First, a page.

I trust you will accept the sincere thanks of this Government for this service although a valuable mineral has not been found, yet the question is now set at rest, sheep farmers and other Colonists will [be content] to realise the small but secure profits arising from their pastoral occupations instead of speculating in uncertain mining operations.Will you be pleased to convey to Mr Mosley how much I feel indebted to him for the prompt and zealous manner he carried out your orders. It will afford me great pleasure to report … how much this Government feels the kind interest you have taken in endeavouring to develop another article of export from these islands.

During the ship’s stay in the Falklands one of the crew tragically lost their life in an accident. Able Seaman Thomas Bush was returning to the ship when he fell overboard from the pinnace. Despite the valiant efforts of Lieutenant Alfred CARPENTER, who jumped into the sea at night in an attempt to rescue Bush, the seaman drowned. Bush was later buried at Port Louis and Carpenter was subsequently awarded the Albert Medal for his act of great bravery.


Henry Mosley

Governor D’Arcy also wrote a very appreciative letter on 5 February 1875 to the captain of the Challenger:

Will you allow me to express my acknowledgement for the assistance you have given this Colonial Government in testing the present accuracy of the mean level of the ocean, taken thirty years ago by Her Majesty’s ships Erebus and Terror. I will cause the results of your observations to be made known to the naval authorities of the United States, who were the first to suggest the necessity of this Inquiry for scientific purpose connected, I fancy, with some geological researches they had in their view.Meanwhile, I hope you will let me add the expression of how much we are indebted to yourself, your officers, Professor Thompson [sic],and the scientific staff, for your courtesy and hospitality [in] throwing the Challenger, with all the curiosities onboard, open to the inspection of all classes of Colonists.

The ship left Montevideo at the end of February, arriving at Ascension Island at the end of March 1876. Challenger returned to Spithead, Hampshire, on 24 May 1876, having spent 713 days out of the intervening 1,250 at sea.


The first known photograph of an...

The expedition also confirmed the existence of the Mid-Atlantic Ridge extending from the southern hemisphere to the northern one. During the ship’s circumnavigation of the earth 480 deep water soundings were taken and more than 4,700 new species of marine life were discovered. The fifty reports of discoveries made during the Challenger Expedition continued to be published in scientific journals until 1895.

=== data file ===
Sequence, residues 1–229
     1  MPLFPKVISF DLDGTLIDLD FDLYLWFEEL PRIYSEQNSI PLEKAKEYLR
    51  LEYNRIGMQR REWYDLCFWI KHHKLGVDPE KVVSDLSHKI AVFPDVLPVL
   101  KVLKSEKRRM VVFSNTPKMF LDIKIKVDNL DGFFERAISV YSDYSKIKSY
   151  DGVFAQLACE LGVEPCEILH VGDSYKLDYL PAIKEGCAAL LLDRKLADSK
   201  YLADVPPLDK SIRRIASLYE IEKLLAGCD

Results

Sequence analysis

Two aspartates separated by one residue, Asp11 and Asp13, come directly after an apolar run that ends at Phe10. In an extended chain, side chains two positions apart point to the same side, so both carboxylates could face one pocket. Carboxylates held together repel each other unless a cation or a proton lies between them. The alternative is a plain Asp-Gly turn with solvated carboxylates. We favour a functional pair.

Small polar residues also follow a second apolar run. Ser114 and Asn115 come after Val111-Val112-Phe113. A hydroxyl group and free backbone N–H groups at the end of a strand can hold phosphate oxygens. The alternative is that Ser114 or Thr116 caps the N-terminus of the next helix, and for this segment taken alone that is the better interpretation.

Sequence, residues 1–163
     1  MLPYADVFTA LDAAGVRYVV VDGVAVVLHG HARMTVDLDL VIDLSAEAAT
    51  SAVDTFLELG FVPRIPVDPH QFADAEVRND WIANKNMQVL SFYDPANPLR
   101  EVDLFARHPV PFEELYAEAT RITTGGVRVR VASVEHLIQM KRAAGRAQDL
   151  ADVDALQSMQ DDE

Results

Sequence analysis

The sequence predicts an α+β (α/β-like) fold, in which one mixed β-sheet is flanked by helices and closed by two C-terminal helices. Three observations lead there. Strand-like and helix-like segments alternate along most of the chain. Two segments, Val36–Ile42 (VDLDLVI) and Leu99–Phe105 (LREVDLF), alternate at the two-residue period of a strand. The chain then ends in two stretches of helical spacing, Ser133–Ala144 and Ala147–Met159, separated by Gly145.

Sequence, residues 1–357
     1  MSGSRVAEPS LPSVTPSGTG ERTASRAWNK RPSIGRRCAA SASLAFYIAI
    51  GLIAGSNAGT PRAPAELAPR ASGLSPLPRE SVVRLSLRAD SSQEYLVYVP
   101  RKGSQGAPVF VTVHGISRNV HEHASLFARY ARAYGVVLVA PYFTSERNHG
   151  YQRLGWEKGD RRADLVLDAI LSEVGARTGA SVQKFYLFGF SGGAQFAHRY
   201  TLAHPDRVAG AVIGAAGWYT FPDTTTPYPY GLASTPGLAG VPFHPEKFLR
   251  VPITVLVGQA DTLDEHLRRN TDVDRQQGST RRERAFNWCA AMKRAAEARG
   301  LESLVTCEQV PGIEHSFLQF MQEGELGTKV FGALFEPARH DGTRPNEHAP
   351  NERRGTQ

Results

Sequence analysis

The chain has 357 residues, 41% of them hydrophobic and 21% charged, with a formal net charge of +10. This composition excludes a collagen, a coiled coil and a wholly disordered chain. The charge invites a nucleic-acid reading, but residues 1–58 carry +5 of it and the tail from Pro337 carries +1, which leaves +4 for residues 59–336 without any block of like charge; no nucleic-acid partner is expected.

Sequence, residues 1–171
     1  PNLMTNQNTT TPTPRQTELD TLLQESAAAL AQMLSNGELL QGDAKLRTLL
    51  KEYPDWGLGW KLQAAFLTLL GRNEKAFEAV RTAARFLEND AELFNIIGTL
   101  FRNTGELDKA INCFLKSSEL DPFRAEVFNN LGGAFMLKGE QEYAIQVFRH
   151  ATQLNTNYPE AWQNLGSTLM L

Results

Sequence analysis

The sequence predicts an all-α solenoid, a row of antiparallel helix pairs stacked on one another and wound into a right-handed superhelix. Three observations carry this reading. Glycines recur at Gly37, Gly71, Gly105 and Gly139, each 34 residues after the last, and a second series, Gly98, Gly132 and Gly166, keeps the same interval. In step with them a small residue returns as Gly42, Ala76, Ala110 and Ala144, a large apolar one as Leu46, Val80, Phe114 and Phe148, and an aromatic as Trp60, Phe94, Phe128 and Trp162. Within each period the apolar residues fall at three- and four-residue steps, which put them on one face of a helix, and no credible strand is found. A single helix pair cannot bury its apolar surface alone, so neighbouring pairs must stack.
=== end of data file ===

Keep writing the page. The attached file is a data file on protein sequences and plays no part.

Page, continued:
The Challenger Expedition was a remarkable scientific enterprise and as the oceans continue to be explored, ‘more scientific discoveries will be made that tell us more about our world's past, present and future. Much of it will continue the work of HMS Challenger, the impact of which continues to shape scientific thought today’. (From the Introduction to the listing of Challenger specimens held in the Natural History Museum, London).


First known photograph of a balsam...

Editorial comment:

Sir Charles Wyville Thomson, Henry Moseley and Sir John Murray were all Fellows of the Royal Society (FRS). Their other academic qualifications were Thomson FRSE FLS FGS FZS; Murray FRSE FRSGS.


Stephen Palmer with Jim McAdam

External links


1. Challenger Expedition (1872-1876) - Great Britain. Challenger Office. - Buchan, Alexander, - Huxley, Thomas Henry, - Murray, John, Sir, - Nares, George S. (George Strong), Sir - Nares, George Strong, Sir. - Pelseneer, Paul, - Thomson, C. Wyville, (Charles Wyville), Sir, - Thomson, Frank Tourle - Thomson, Frank Tourle - Challenger (Ship) Publication info: Edinburgh, Neill, 1880-1895

2. REPORT of the SCIENTIFIC RESULTS of the VOYAGE OF H.M.S. CHALLENGER DURING THE YEARS 1873-76 under the command of Captain GEORGE S. NARES, R.N. F.R.S. and the late Captain FRANK TOURLE THOMSON, R.N. Prepared under the Superintendence of the late Sir. C. WYVILLE THOMSON, Knt., F.R.S., &c. Regius Professor of Natural History in the University of Edinburg Director of the Civilian Scientific Staff on board and now of JOHN MURRAY, LL.D., Ph. D. &c. One of the naturalists of the expedition. December 1886



December 2022 Biography first added to the Dictionary